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Sunday, November 06, 2016


The treatment of emails seems to have been worse under the Bush admin.

I was one of those people who thought the email "scandal" was a real scandal and represented at best incompetence and at worst something underhanded. While I haven't listened to the podcast or read the FBI report, your summary and a few other things I've learned have led me to change my mind.

It's still possible that something "criminal" has taken place, in the sense that a crime might have been technically committed. There are a lot of crimes on the books and a lot of ways someone can violate them without necessarily intending to.


But In light of the FBI findings, I wonder about establishing http://thelawdictionary.org/criminal-intent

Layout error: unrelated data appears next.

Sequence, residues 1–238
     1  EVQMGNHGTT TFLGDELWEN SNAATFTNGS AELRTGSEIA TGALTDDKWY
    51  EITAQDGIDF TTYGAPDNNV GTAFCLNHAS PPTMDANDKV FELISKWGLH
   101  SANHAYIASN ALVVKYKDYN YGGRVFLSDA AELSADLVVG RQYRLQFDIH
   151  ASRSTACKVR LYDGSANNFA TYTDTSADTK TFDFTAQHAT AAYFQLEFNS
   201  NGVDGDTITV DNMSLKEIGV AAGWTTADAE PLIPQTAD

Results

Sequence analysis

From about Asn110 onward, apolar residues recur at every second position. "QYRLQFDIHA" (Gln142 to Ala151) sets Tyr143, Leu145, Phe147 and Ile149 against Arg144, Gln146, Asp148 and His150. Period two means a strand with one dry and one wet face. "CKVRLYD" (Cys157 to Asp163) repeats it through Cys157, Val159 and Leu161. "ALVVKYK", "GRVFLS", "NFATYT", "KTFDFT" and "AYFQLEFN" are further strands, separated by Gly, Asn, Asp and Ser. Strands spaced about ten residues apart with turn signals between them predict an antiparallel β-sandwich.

I don't know anything about the laws in question, but I understand that not all crimes require establishing "criminal intent" in order to be prosecutable. However, I'm not a lawyer, so take that with however many grains of salt you need.

When I was a bank teller, we were told we were committing a crime if we even accidentally failed to follow the Bank Secrecy Act (an anti-money laundering law, the same one used to nab Denny Hastert), we were subject to criminal fines (and maybe jail time? It's been a while). Not that I ever heard of anyone being prosecuted for "accidentally" violating it.

I'll add--having skimmed the link you gave me--that perhaps I'm wrong. Maybe there is some way in which "intent" of some sort has to be established that Clinton's email decisions might not necessarily qualify for.

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